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RE: Definition of Choreography

From: Champion, Mike <Mike.Champion@SoftwareAG-USA.com>
Date: Sat, 19 Oct 2002 17:29:47 -0600
Message-ID: <9A4FC925410C024792B85198DF1E97E4042DE0D7@usmsg03.sagus.com>
To: David Orchard <dorchard@bea.com>, "'Burdett, David'" <david.burdett@commerceone.com>, "Champion, Mike" <Mike.Champion@SoftwareAG-USA.com>, www-ws-arch@w3.org



> -----Original Message-----
> From: David Orchard [mailto:dorchard@bea.com]
> Sent: Saturday, October 19, 2002 6:59 PM
> To: 'Burdett, David'; 'Champion, Mike'; www-ws-arch@w3.org
> Subject: RE: Definition of Choreography
>
 
>  We're  certainly getting
> lots of interest in customers for further and ongoing work on 
> bpel4ws, like big bank kind of customers that get our attention.

Do you have any sense of what the "big bank kind of customers" want to see
in the way of STANDARDS for choreography?  Would the declarative/public
interface level being standardized do them any good, or do they need
something at the level of BPEL4WS, "turing completeness" and all?

I keep hoping that there's a "minimum needed to declare victory" somewhere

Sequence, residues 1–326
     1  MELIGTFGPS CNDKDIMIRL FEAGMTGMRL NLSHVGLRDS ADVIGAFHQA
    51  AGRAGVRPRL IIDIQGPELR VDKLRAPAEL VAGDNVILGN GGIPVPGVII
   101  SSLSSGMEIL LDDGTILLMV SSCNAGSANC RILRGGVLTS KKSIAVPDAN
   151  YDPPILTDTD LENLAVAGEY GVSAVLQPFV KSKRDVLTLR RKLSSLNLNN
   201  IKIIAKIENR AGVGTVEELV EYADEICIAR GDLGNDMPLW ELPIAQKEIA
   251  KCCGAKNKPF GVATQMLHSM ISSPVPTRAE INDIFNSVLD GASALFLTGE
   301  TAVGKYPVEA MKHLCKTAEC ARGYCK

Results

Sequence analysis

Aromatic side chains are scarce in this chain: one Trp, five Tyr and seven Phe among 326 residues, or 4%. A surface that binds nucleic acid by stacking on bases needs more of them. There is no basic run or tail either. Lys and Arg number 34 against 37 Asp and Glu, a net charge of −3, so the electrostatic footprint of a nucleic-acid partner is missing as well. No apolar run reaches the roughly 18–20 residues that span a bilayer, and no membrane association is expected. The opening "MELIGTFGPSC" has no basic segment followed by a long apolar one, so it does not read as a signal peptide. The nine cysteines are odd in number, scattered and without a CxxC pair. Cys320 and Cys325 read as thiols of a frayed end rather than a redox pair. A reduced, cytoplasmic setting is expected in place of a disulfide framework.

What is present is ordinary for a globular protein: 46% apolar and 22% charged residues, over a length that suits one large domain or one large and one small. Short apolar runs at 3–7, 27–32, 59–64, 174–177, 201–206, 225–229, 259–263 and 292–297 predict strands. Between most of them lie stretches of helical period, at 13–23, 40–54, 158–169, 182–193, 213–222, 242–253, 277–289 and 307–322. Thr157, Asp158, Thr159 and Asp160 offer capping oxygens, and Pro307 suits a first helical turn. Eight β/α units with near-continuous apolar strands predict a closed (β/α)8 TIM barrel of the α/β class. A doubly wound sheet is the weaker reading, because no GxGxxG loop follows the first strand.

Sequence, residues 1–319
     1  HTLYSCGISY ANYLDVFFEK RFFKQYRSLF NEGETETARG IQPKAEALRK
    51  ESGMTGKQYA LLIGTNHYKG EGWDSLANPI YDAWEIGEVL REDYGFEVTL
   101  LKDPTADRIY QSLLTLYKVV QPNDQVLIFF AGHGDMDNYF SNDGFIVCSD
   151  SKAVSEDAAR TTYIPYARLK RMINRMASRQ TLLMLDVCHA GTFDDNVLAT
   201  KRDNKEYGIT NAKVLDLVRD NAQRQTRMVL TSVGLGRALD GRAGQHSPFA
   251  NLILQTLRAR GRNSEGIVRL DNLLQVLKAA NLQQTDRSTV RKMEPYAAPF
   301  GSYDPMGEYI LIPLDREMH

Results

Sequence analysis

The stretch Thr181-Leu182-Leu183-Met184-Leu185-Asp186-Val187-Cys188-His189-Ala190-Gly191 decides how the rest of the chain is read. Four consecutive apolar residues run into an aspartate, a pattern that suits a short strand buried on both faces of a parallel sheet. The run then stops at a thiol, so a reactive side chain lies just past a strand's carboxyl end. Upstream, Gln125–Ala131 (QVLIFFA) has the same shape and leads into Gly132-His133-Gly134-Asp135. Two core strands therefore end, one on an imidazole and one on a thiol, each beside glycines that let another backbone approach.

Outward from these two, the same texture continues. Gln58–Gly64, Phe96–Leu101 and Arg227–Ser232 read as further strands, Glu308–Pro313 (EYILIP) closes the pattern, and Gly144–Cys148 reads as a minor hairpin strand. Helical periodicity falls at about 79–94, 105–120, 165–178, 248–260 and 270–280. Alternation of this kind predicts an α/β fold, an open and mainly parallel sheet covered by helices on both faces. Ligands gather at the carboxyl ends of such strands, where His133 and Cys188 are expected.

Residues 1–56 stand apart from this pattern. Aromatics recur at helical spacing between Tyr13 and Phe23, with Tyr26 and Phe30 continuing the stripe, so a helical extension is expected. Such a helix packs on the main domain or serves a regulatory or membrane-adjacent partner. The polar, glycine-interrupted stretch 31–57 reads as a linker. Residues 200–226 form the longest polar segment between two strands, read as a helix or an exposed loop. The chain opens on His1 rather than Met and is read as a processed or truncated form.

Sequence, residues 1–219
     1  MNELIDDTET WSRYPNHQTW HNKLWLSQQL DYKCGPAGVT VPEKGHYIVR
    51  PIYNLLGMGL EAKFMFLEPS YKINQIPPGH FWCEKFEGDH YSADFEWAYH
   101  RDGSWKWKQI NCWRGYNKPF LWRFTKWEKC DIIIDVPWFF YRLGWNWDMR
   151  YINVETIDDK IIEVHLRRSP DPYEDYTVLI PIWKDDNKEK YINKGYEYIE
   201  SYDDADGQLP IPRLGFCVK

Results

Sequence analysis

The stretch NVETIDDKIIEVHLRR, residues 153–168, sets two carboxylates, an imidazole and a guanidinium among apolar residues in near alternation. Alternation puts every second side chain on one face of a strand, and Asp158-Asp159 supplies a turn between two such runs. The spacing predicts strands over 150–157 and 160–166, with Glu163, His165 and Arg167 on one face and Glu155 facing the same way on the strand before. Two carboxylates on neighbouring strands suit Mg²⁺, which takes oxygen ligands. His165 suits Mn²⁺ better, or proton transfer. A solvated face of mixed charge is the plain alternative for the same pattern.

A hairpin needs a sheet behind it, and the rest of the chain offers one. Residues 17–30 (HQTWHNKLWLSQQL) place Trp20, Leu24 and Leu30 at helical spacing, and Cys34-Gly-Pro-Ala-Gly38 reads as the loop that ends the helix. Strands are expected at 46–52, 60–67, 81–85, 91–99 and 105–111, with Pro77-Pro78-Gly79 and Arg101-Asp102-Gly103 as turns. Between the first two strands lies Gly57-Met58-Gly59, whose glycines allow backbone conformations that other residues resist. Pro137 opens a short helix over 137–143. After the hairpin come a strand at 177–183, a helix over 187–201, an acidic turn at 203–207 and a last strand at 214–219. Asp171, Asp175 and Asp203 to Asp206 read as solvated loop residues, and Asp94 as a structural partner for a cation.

between BPEL4WS and Paul's precondition/postcondition suggestion that
doesn't seem to meet the needs of the industry [or at least what the
industry perceives to be its needs, but that's something for Paul to educate
our *customers* about before most of us jump on the bandwagon]. 

On the other hand, there are two reasons for wanting some technology
standardized.  The first is the obvious -- people want to be able to
standardize on interfaces and interoperate with (or be able to replace with)
other implementations of those interfaces.  If so, standardizing on the
declarative/interface aspects of choreography is sufficient.

The other is less obvious, but maybe what many customers really want -- to
reap the benefits of the network effect that agreement on a standard brings,
in terms of the availability and cost of tools, expertise, tutorials, and
the general desire to make the easy decision to go along with the crowd
rather than make hard decisions about costs, benefits, and alternatives.  If
so, a standard executable implementation language is necessary to declare
victory.

Thoughts anyone?
Received on Saturday, 19 October 2002 19:30:29 GMT

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